Test Catalog

Test ID: CMVP    
Cytomegalovirus (CMV) Antibodies, IgM and IgG, Serum

Useful For Suggests clinical disorders or settings where the test may be helpful

Aiding in the diagnosis of acute or past infection with cytomegalovirus (CMV)


Determination of prior exposure to CMV


This test should not be used for screening blood or plasma donors.

Clinical Information Discusses physiology, pathophysiology, and general clinical aspects, as they relate to a laboratory test

Cytomegalovirus (CMV) is a member of the Herpesviridae family of viruses and usually causes asymptomatic infection after which it remains latent in patients, primarily within bone marrow derived cells. Primary CMV infection in immunocompetent individuals may manifest as a mononucleosis-type syndrome, similar to primary Epstein-Barr virus infection, with fever, malaise and lymphadenopathy.


CMV is a significant cause of morbidity and mortality among bone marrow or solid organ transplant recipients, individuals with AIDS, and other immunosuppressed patients due to virus reactivation or from a newly acquired infection. Infection in these patient populations can affect almost any organ and lead to multiorgan failure. CMV is also responsible for congenital disease among newborns and is one of the TORCH infections (toxoplasmosis, other infections including syphilis, rubella, CMV, and herpes simplex virus).


CMV seroprevalence increases with age. In the United States, the prevalence of CMV-specific antibodies increases from approximately 36% to over 91% in children between 6 to 11 years of age and adults over 80 years old, respectively.

Reference Values Describes reference intervals and additional information for interpretation of test results. May include intervals based on age and sex when appropriate. Intervals are Mayo-derived, unless otherwise designated. If an interpretive report is provided, the reference value field will state this.







Reference values apply to all ages.

Interpretation Provides information to assist in interpretation of the test results


A negative cytomegalovirus (CMV) IgM result suggests that the patient is not experiencing acute or active infection. However, a negative result does not rule-out primary CMV infection.


It has been reported that CMV-specific IgM antibodies were not detectable in 10% to 30% of cord blood sera from infants demonstrating infection in the first week of life. In addition, up to 23% (3/13) of pregnant women with primary CMV infection did not demonstrate detectable CMV IgM responses within 8 weeks postinfection. In cases of primary infection where the time of seroconversion is not well defined as high as 28% (10/36) of pregnant women did not demonstrate CMV IgM antibody.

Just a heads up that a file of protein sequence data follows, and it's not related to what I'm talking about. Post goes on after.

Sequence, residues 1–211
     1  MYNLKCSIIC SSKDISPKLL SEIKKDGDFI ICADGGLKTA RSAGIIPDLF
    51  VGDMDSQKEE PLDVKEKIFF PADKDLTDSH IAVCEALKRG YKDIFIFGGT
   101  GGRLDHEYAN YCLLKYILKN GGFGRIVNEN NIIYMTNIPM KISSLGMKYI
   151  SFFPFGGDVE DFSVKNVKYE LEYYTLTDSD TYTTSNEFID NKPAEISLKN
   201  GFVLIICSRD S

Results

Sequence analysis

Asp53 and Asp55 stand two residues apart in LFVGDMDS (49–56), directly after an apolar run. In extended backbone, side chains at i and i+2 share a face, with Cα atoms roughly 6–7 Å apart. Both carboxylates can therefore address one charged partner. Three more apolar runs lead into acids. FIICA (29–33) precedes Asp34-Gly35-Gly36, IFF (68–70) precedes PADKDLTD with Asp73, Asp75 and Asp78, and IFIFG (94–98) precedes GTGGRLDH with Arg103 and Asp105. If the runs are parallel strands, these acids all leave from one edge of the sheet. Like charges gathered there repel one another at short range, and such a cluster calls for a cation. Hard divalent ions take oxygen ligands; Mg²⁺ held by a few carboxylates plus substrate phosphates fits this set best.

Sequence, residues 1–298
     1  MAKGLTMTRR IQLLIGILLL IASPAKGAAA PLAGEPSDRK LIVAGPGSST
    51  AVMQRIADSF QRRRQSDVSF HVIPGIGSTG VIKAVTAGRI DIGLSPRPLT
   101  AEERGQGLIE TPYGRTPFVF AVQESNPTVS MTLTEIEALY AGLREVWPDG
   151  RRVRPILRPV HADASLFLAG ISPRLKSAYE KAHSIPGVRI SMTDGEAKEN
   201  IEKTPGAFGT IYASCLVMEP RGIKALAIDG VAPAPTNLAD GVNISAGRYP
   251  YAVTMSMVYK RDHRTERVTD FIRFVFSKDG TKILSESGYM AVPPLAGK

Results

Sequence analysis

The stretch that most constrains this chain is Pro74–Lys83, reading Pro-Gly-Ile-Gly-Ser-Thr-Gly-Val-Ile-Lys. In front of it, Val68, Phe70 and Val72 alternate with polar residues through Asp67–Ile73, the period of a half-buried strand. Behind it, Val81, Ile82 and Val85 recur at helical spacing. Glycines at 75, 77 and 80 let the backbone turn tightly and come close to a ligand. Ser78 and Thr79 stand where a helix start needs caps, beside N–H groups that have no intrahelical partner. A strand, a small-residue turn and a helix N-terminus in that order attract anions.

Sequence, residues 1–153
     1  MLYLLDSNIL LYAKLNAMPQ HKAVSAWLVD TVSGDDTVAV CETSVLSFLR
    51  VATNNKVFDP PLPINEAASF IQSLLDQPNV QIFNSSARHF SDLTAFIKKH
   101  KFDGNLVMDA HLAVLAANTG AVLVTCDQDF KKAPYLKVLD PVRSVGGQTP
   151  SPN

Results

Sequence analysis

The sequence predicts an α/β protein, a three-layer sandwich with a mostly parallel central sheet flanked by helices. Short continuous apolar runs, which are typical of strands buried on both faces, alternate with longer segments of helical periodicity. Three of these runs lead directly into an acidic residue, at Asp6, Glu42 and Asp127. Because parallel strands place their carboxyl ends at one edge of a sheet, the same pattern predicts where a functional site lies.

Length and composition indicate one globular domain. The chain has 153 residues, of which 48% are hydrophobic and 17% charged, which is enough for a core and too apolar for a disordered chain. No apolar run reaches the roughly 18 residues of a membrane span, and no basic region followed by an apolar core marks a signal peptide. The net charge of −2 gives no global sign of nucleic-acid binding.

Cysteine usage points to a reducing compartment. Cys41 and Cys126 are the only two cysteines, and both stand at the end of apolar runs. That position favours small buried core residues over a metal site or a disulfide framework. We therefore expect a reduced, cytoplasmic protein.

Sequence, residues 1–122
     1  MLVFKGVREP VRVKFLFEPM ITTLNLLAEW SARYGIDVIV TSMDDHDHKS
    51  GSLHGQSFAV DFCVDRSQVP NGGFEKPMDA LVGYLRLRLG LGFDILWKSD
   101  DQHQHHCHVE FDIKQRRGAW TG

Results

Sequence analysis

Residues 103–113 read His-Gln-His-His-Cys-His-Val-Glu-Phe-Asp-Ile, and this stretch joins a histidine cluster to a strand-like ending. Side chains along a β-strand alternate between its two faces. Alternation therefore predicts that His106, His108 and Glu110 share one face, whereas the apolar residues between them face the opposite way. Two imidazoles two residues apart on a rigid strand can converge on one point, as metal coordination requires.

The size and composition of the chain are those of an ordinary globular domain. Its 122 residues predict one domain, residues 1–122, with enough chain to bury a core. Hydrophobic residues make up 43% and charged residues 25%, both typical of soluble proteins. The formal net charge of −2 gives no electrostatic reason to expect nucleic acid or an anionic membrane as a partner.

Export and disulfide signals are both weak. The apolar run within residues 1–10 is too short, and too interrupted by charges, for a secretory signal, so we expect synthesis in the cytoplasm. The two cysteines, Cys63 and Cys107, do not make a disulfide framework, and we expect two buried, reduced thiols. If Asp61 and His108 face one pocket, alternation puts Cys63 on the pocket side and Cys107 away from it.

Positive CMV IgM results indicate a recent infection (primary, reactivation, or reinfection). IgM antibody responses in secondary (reactivation) CMV infections have been demonstrated in some CMV mononucleosis patients, in a few pregnant women, and in renal and cardiac transplant patients. Levels of antibody may be lower in transplant patients with secondary rather than primary infections.



Positive CMV IgG results indicate past or recent CMV infection. These individuals may transmit CMV to susceptible individuals through blood and tissue products.


Individuals with negative CMV IgG results are presumed to not have had prior exposure or infection with CMV and are, therefore, considered susceptible to primary infection.


Equivocal CMV IgM or IgG results may occur during acute infection or may be due to nonspecific binding reactions. Submit an additional sample for testing if clinically indicated.

Cautions Discusses conditions that may cause diagnostic confusion, including improper specimen collection and handling, inappropriate test selection, and interfering substances

Sera drawn very early during the acute stage of infection may have undetectable levels of cytomegalovirus (CMV) IgM or IgG.


Immunocompromised patients may have impaired immune responses and non-reactive IgM/IgG results may be due to delayed seroconversion and, therefore, do not rule out current infection.


The CMV IgM and IgG results should not be used alone to diagnose CMV infection. Results should be considered in conjunction with clinical presentation, patient history and other laboratory findings. In cases of suspected disease, submit a second sample for testing in 10 to 14 days.


The performance characteristics of these assays have not been evaluated in immunosuppressed or organ transplant recipients and have not been established for cord blood or for testing of neonates.


Immune complexes or other immunoglobulin aggregates present in patient samples may cause increased nonspecific binding and produce false-positive results.


Potential cross-reactivity for CMV IgM may occur with specimens positive for Epstein-Barr virus viral capsid antigen IgM and parvovirus B19 IgM.


Potential cross-reactivity for CMV IgG with human chorionic gonadotropin, HIV IgG, multiple myeloma IgG, rheumatoid factor IgM, and Toxoplasma gondii IgG have not be ruled out.

Clinical Reference Recommendations for in-depth reading of a clinical nature

1. Soderberg-Naucler C, Fish NK, Nelson JA: Reactivation of latent human cytomegalovirus by allogeneic stimulation of blood cells from healthy donors. Cell. 1997 Oct 3;91(1):119-126

2. Bruminhent J, Thongprayoon C, Dierkhising RA, Kremers WK, Theel ES, Razonable RR: Risk factors for cytomegalovirus reactivation after liver transplantation: can pre-transplant cytomegalovirus antibody titers predict outcome? Liver Transpl. 2015;21(4):539-546

3. Dioverti MV, Razonable RR: Cytomegalovirus. Microbiol Spectr. 2016;4(4)

4. Staras SA, Dollard SC, Radford KW, Flanders WD, Pass RF, Cannon MJ: Seroprevalence of cytomegalovirus infection in the United States, 1998-1994. Clin Infect Dis. 2006;43(9):1143